- KV62 is the designation for the Valley’s most well-known tomb.
The Valley of the Queens
Where exactly is the Valley of the Queens?
It may be found in Luxor. Like the Valley of the Kings, the Valley of the Queens is a burial ground in Egypt where over 90 tombs were discovered during ongoing excavations.
What was the Valley of the Queens built for?
The Valley of the Queen, originally constructed to serve as the royal queens of ancient Egypt’s burial sites, was also used to interment princes, princesses, and other aristocracy
The Queens’ Valley Why was that name given to it?
Ancient Egyptian queens were interred in the Valley of the Queens. It was referred to in the past as “Ta-Sit-Nefru,” which is Arabic for “the place of the sons of the pharaoh” or “the place of beauty,” because it contained the tombs of the queens of the 18th, 19th, and 20th dynasties (which ruled from 1550 to 1070 BC), as well as numerous princes and princesses and members of the nobility.
Who was buried in the Valley of the Queens?
In ancient Egypt, the queens and spouses of pharaohs were interred in the same tomb as their husbands. This practice changed at some time, which explains why the Valley of the Queens and the Valley of the Kings were built.
The Valley of the Queens operated as a burial cemetery for the period (1292-1075 bc) in the 19th and 20th dynasties. The first tomb known to have been built in the valley of the queens was the tomb of princess Ahmose, the daughter of King Seqenenre and Queen Sitdjehuti.
Guarding the Royal Treasures for Eternity:
According to ancient Egyptian belief, if all the proper steps were taken, those who deserved it would have eternal life. Pharaohs and queens were buried with their treasures, clothing, and everyday necessities like food and drink because they felt that these items would be necessary to enjoy the afterlife. The safety of their treasures and possessions was of utmost importance, so when they planned the Valley of the Queen burial site, much thought was given to how to construct the burial site covertly to protect it from thieves, keeping the mummies and their possessions intact once they awakened to eternal life.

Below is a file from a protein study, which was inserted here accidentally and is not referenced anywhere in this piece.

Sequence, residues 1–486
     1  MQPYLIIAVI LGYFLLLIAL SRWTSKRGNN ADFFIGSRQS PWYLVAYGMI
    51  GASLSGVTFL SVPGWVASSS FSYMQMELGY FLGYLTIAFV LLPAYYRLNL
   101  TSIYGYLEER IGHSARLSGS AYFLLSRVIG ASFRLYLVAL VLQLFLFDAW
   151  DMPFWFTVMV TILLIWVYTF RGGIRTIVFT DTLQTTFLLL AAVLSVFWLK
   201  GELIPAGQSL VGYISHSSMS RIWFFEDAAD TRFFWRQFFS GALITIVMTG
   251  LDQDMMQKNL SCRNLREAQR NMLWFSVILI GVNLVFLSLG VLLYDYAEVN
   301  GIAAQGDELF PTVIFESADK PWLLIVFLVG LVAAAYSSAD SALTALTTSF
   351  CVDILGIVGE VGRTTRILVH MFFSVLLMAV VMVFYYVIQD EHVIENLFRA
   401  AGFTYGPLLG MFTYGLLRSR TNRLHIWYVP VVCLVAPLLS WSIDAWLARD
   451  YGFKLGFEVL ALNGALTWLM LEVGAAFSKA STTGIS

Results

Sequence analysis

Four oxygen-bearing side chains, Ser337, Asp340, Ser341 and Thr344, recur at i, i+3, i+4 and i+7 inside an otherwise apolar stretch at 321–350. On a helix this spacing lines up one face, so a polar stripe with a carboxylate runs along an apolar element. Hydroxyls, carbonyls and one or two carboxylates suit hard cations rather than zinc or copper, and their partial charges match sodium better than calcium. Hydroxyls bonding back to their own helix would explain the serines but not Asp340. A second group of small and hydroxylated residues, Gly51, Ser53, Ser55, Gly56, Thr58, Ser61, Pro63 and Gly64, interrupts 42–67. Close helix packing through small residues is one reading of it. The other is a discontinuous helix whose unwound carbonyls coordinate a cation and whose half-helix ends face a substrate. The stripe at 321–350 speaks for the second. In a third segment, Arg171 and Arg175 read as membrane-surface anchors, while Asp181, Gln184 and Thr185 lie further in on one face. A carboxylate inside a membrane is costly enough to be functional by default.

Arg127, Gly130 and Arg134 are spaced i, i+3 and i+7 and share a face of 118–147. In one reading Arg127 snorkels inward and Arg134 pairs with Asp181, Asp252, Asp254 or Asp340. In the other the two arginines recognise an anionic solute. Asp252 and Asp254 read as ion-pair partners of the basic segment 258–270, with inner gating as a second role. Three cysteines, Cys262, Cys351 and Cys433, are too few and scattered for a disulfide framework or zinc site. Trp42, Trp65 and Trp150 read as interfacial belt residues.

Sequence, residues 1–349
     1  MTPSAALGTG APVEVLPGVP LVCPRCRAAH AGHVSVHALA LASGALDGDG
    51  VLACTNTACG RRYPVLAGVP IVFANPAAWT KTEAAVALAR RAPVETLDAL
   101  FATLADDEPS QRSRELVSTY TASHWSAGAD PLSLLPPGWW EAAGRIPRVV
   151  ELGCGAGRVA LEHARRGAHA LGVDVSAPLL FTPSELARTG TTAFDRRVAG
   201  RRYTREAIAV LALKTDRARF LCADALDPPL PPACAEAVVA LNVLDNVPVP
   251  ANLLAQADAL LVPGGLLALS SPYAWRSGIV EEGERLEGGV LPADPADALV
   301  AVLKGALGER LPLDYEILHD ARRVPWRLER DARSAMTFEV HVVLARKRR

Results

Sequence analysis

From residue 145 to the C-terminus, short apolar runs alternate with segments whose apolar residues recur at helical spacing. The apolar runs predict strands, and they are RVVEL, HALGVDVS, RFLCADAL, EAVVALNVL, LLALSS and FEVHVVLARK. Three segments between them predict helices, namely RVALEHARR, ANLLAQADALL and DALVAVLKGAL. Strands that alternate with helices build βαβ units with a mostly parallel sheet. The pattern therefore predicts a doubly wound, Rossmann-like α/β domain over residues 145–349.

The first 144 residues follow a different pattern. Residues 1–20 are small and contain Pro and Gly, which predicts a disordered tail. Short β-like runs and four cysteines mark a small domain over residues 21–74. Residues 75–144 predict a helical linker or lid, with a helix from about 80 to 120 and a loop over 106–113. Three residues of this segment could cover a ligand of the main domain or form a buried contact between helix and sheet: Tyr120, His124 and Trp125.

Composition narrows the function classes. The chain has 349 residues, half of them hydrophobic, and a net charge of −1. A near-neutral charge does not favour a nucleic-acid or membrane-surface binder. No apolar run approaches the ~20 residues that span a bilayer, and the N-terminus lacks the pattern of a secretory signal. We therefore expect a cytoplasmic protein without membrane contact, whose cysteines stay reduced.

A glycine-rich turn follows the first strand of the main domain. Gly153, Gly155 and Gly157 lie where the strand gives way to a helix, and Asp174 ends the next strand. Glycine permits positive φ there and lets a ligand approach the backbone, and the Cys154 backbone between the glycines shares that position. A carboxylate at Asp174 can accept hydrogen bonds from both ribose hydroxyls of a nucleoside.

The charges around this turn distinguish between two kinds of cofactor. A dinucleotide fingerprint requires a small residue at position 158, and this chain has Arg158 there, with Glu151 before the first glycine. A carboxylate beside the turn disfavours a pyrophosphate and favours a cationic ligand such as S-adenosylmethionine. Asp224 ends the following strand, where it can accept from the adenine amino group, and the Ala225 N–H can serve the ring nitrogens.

The objective was to conceal the tomb entrances so they would not be a target; this tactic was used in the Valley of the Queens just as it was in the Valley of the Kings’ construction. However, the treasures and the Queen’s possessions were not successfully protected by the Valley of the Queen’s architects. Even though some of the decorations were amazingly well-preserved, none of the tombs were discovered whole; Schiaparelli discovered them in 1904, and all of the wealth and personal items vanished.
Whatever the cemetery’s construction method—whether it was dug in the sand, made of bricks, “mud,” or stones, or carved out of solid rock—to the ancient Egyptians, it was a miniature of the other world. to a different planet.
To conceal them, rubble, earth, and stones were poured at the cemetery’s entrance since it was tightly locked and never opened following the burial of the body and the conclusion of the burial ritual.
For the same reason, she drew pictures and inscriptions about the other world with all its components and people on the cemetery’s walls, beginning at the entrance and moving through the vaults, hallways, and burial hall.
Because the ancient Egyptians were highly skilled in the art of mummification, which is one of their most distinctive traits, pre-dynastic era mummified mummies have been discovered. The relatively straightforward formula for embalming.